A leaky dam that caused a drained lake gave twin sisters a chance to turn nature into artwork.
When Ledbetter Lake on Ledbetter Road in Rockingham was drained about four months ago, Jean Miner, who retired after owning three boutiques in Houston, Texas., and her twin sister Jan Gehrki, a retired teacher, got an idea.
“We started by picking up trash. We took truck loads to the dump,” Miner said. They began noticing pieces of driftwood at the bottom and around the lake. The sisters took the driftwood and have created a business turning it into unique pieces of artwork.
Called Drift Our Way, the company specializes in driftwood designs from Ledbetter lake. “We wanted to give people a piece of the lake,” Miner said. She said so many people learned to how to swim and play at the lake. “It’s neat hearing people’s stories,” Miner said.
Both sisters’ creativity was sparked at a young age. The sisters say they were blessed to have had a mother who introduced them to many forms of art when they were children.
Miner and Gehrki have been creating these pieces since November and getting the wood prepared for artwork is not easy. The sisters start by pulling the pieces out of the mud and pressure washing them to get the mud off.
They then lay the wood down to let the pieces dry. “It takes a couple of days to a month for the wood to dry out depending on how big they are,” Miner said. After the piece is dried out, they look at the wood and decide what to create with the piece. They transform the wood into a variety of artwork such as lamps, wall art, drawer pulls, yard designs, and center pieces for tables. The sisters have made a couple of nativity scenes and have started branching out into creating hanging pieces such as chandeliers.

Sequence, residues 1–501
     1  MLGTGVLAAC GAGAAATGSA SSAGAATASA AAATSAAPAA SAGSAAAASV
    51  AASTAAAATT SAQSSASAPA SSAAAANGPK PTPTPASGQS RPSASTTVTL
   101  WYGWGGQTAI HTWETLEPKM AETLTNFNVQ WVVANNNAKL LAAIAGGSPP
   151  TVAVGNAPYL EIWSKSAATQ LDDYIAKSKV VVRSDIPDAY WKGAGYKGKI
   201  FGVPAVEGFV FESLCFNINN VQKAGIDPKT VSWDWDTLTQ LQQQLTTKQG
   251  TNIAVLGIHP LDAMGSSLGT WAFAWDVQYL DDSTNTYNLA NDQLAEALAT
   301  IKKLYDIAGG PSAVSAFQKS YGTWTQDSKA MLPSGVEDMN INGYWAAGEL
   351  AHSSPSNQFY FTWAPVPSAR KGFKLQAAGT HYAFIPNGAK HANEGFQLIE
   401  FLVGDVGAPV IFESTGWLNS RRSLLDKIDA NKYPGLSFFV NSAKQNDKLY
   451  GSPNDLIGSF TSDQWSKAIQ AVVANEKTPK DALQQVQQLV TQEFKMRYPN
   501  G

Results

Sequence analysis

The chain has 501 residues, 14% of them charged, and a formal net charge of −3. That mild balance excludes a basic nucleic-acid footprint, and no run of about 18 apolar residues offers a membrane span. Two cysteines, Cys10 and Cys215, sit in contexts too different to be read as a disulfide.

The twins take old and used lamps from Habitat for Humanity Restore and rewire them to transform the old lamp into a new lamp. “It is a great advantage for us and for Habitat for Humanity Restore,” Gehrki said.
They are interested in residents from local markets who grew up knowing Ledbetter Lake. The sisters sell some of their pieces at two different stores; at Green Goods LLC in Southern Pines, and at Railside Antiques in Aberdeen.
Prices range from $50 to $150 depending on the size of the piece. The twins are hoping to set a price that people can afford so they can use and enjoy the art pieces. Although some of the driftwood comes from different trees, it is mostly pine “and the water made interesting shapes and patterns in the wood,” Gehrki said.
For more information, or to purchase a piece of artwork, contact Jean and Jan at 910-461-3090.
— Staff Writer Laura Edington can be reached at 910-997-3111, ext. 18, or by email at firstname.lastname@example.org.